There was one instrument that former president SR Nathan regularly wielded with great finesse: a $2.20 Uni-ball Signo broad-tipped black pen. With it, he would write personalised letters - always dated and signed - to his friends in his characteristic cursive hand.
"Like the man himself, his words were warm, encouraging, heartfelt and inspiring," said his long-time friend Jennie Chua in her eulogy at the state funeral yesterday.
She and others who spoke at his funeral service recalled the former president's big heart and unfailing kindness - qualities which he brought to the social services.
In 2000, Mr Nathan started the President's Challenge fund-raising drive, which has since raised more than $100 million to help needy children, families, the elderly, those with disabilities, and others.
He worked hard to make it a success, recalled Ms Chua. "He called upon all his contacts. If he knew you could contribute in one way or another, he would call you."
What started out as a week-long drive became a year-long campaign, and smaller charities and those who had difficulty raising funds on their own benefited from the Challenge, added Ms Chua, who was chairman of the Community Chest for 14 years until she stepped down in 2013.
To her, and many others in the social service sector, Mr Nathan was a mentor with a strong passion for serving the community.
Over the years, Mr Nathan became convinced of the critical role Singapore corporations could play in fostering a spirit of giving. After he retired as President, he could and did devote more time to getting corporations involved in social work, said Ms Chua, who is Singapore's Ambassador to Mexico and chairman of Alexandra Health System.
Mr Nathan never overlooked the individual, she added. She recounted how at a charity gala dinner organised by the Community Chest, Mr Nathan noticed how the organising committee had to deal with a couple of difficult donors. The next morning, she received a note from him with a line that read: "Some of us have greater burdens to bear, I know it was not easy for you."
Said Ms Chua: "I am certain I was not the only one who received such a letter. And mind you, it was never a standard template - no two letters from him were the same."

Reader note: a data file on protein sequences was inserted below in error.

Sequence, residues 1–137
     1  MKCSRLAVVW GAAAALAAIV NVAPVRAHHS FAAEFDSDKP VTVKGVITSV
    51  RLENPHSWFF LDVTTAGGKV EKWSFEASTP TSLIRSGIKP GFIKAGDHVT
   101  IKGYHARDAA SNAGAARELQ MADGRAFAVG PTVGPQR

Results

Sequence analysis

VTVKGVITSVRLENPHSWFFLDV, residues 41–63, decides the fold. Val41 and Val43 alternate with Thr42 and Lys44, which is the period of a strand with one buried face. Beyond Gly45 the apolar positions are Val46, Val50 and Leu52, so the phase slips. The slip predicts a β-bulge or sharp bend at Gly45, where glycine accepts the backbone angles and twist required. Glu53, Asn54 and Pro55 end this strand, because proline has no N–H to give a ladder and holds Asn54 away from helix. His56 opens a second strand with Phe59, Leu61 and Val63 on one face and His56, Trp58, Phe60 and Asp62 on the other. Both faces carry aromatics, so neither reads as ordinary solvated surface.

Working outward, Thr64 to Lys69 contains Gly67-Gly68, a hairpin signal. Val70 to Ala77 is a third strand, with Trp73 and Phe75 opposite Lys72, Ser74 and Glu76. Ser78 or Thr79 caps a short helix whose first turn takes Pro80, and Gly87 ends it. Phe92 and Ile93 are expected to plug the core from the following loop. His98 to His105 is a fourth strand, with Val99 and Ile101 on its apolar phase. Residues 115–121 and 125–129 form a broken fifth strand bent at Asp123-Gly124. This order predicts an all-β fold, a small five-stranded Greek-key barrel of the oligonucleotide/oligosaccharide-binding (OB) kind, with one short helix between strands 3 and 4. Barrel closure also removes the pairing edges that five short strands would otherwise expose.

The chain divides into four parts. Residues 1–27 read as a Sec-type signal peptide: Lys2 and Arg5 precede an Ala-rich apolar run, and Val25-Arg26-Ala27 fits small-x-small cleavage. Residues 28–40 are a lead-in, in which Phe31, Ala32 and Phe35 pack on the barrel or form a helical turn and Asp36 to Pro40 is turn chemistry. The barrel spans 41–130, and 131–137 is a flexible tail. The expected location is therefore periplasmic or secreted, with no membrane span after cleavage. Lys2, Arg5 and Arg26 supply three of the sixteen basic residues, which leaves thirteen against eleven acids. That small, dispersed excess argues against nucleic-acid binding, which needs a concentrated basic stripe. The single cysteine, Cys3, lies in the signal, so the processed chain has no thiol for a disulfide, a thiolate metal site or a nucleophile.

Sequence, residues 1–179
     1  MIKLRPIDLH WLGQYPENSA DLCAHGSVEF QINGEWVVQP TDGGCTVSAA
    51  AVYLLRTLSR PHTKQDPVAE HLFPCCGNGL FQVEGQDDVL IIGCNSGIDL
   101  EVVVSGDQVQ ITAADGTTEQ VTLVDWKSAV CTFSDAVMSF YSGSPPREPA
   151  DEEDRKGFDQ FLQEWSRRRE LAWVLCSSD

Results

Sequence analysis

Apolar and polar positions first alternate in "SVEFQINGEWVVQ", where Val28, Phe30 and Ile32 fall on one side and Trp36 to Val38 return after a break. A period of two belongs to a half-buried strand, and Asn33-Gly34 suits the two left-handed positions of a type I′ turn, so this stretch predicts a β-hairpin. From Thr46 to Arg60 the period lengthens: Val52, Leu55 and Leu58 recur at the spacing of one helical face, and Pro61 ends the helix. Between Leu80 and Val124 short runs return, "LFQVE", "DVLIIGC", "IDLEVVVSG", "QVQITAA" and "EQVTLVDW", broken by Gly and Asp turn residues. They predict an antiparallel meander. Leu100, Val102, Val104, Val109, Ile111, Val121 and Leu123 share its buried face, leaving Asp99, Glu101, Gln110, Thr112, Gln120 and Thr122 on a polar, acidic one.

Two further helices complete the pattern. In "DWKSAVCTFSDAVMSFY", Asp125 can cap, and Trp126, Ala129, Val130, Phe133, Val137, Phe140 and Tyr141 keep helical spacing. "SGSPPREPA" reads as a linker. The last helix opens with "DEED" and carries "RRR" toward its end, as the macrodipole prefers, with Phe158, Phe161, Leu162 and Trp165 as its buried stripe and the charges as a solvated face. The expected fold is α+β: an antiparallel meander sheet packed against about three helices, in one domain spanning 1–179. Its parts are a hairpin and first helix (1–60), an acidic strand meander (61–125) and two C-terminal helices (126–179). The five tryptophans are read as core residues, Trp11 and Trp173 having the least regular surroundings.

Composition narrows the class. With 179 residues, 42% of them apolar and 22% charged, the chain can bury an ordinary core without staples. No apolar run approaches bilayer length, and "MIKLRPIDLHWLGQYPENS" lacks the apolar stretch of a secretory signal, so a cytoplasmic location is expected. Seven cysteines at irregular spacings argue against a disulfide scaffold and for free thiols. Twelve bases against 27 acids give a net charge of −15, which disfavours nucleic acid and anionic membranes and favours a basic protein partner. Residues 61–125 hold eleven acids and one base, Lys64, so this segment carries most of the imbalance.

At these charity events, Mr Nathan was so obliging in agreeing to pose for photos with people that a short walk to the exit could take up to 45 minutes. "He would make every effort to speak to as many people as possible," said Ms Chua.
It was a habit that Mr Nathan kept, whether at glitzy charity events or on his daily morning walks at East Coast Park. It was 16 years ago that he met business leader Ramaswamy Athappan on such a walk, and the two became friends.
Mr Athappan yesterday delivered a eulogy in Tamil and said: "I personally witnessed how he paid close attention to the everyday concerns of ordinary Singaporeans.
"He conversed and listened kindly, courteously and attentively to the concerns of people he met during his morning walks."
Mr Athappan, too, received a note from Mr Nathan showing his care and concern. He told of how Mr Nathan personally delivered the letter in mid-April, three months before he suffered his second stroke in two years, along with a statue of the Hindu deity Ganesh.
In the note, Mr Nathan wrote: "My days are somewhat numbered. I will be 92 in July. My heart is getting weaker by the day. My only wish is to see you well and successful in your life."
Turning to Mr Nathan's family, seated in the front row of the University Cultural Centre auditorium where the funeral service was held, Mr Athappan thanked them for the love and affection "they have bestowed not only upon me, but on millions of Singaporeans".
"Mr Nathan will always remain a priceless treasure in the memories of all of us. We are all so blessed to have been acquainted, in one way or another, with the life of this excellent, great man."